Air crew standing in front of a Short Stirling bomber.Hugh Allan
A document detailing the particulars of Hugh Allan's service.Hugh Allan
A photograph of Hugh Allan at a Memory Project even held on 15 August, 2012 in Waterloo, Ontario.Hugh Allan
"A young paratrooper was leaning against the wall listening to our debriefing. He said, “That's okay kid, we don't mind landing in the trees,” which made me feel better. "
I only did one trip to Iceland and back prior to transferring to the RCAF [Royal Canadian Air Force]. The ship was the [HMCS] Alberni from the West Coast, it was a corvette. It was sunk. I think we noticed on the picture of it was the 24th. About two months after I left it, it was sunk in the English Channel with all hands on board, which is very unfortunate.* But that's the way it is. I was lucky to escape from that and I was fortunate to come out of the air force unscathed.
The first twin unit, advanced laying unit was at Tilstock [England] and it was at that time that they transferred the entire group to a special duties 190 Squadron and we did a further OTU officer training unit concentrating on towing gliders. This was to supply the Underground in France, Holland, Norway and Belgium when we graduated. Being associated with the—what did they call them—Special Air Service, SOE [Special Operations Executive], the two major operations—I missed dropping paratroops and gliders on D-Day by two months. I joined the squadron just a little bit too late.
The two operations that I was involved in were Arnhem [Holland] and supporting [General] Montgomery crossing the Rhine [river]. Interesting enough, the chap that I towed, the glider pilot that I towed to Arnhem, was the same young man that I towed crossing the Rhine. So he survived Arnhem and so did I fortunately. Those are the two major operations.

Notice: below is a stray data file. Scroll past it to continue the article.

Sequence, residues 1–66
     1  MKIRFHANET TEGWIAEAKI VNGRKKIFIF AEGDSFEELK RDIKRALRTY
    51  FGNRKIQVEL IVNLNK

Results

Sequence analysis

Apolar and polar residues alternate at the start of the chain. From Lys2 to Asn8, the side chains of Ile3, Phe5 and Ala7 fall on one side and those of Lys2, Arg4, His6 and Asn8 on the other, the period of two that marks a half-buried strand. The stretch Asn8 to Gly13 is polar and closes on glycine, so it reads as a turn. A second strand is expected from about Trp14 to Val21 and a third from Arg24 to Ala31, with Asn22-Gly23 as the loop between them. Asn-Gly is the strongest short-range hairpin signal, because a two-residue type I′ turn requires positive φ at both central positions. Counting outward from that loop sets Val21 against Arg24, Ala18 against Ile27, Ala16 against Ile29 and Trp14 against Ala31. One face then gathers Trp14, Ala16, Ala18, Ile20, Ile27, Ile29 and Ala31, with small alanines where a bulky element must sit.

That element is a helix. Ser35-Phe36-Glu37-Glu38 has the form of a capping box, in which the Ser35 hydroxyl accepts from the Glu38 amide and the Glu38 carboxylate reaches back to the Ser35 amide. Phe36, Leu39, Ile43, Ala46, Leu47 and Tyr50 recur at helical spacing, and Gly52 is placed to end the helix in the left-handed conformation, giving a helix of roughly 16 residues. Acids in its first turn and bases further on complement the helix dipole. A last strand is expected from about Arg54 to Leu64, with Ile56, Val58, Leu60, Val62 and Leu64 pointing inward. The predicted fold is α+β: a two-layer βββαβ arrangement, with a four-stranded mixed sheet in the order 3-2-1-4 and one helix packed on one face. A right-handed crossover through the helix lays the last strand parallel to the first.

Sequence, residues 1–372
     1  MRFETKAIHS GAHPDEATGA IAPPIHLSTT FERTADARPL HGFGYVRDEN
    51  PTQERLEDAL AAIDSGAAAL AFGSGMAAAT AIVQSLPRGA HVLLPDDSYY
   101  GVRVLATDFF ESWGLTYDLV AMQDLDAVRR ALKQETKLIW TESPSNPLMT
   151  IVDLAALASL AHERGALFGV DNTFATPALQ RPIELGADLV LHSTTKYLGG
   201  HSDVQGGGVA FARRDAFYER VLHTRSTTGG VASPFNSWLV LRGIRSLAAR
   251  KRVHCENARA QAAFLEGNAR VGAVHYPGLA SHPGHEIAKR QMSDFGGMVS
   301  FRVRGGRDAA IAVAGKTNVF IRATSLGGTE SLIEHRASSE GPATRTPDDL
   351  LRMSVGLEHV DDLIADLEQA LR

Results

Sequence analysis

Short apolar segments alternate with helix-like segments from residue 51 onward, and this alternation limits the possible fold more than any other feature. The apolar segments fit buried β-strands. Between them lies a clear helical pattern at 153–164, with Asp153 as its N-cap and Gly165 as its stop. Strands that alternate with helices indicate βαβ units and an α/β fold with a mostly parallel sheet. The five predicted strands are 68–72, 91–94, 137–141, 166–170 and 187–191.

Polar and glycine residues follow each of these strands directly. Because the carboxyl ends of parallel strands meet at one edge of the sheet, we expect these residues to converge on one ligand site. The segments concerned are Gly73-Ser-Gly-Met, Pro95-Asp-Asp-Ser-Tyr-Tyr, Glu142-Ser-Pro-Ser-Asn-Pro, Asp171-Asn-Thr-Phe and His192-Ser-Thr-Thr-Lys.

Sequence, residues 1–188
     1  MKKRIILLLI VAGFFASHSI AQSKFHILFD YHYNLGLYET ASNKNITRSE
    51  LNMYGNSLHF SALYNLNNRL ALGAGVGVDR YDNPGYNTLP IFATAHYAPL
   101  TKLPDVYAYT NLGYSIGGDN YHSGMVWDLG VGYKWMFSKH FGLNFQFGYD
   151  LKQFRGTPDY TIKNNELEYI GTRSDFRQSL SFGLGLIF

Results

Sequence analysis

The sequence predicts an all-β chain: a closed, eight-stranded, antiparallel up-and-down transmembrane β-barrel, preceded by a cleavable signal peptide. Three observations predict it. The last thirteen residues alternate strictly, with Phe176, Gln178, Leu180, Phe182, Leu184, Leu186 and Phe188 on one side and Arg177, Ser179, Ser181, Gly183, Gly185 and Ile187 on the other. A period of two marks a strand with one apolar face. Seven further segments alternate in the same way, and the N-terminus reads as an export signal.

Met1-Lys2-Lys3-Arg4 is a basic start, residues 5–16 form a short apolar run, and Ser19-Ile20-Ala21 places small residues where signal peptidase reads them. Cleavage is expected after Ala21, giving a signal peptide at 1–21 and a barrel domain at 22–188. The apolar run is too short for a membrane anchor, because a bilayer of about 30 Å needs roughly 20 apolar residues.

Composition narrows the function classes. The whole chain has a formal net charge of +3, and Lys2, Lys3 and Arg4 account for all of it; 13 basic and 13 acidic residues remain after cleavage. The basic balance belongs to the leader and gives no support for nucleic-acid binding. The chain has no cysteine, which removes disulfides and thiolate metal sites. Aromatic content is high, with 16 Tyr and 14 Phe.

The other one that comes to my mind was dropping six officers, paratroops, at Magdeburg [Germany] and they were doing a reconnaissance of a prisoner of war camp and I can recall vividly the next day after dropping them, the intelligence officer came up to me in the Officer’s Mess and said we heard from your boys and they said thanks for a nice drop. And I can recall at the debriefing I expressed some concern that I thought the last man out landed in the trees because we had to drop them in a clearing in a woods, which doesn't give you much time for the boys to drop out.
At any rate, a young paratrooper was leaning against the wall listening to our debriefing. He said, “That's okay kid, we don't mind landing in the trees,” which made me feel better.
Market Garden [an airborne drop into the Netherlands] was a disaster really. Unfortunately, I don't know how it happened but there was a panzer division on leave at Arnhem at the time and our folks didn't know about it. We lost nearly all our squadron there. I lost three different flight commanders. We flew every second day and I can remember September the 17th  was one of the days that I was not on and we sent over 10 aircraft and I think three got back.
*HMCS Alberni lost more than half its crew but there were infact survivors.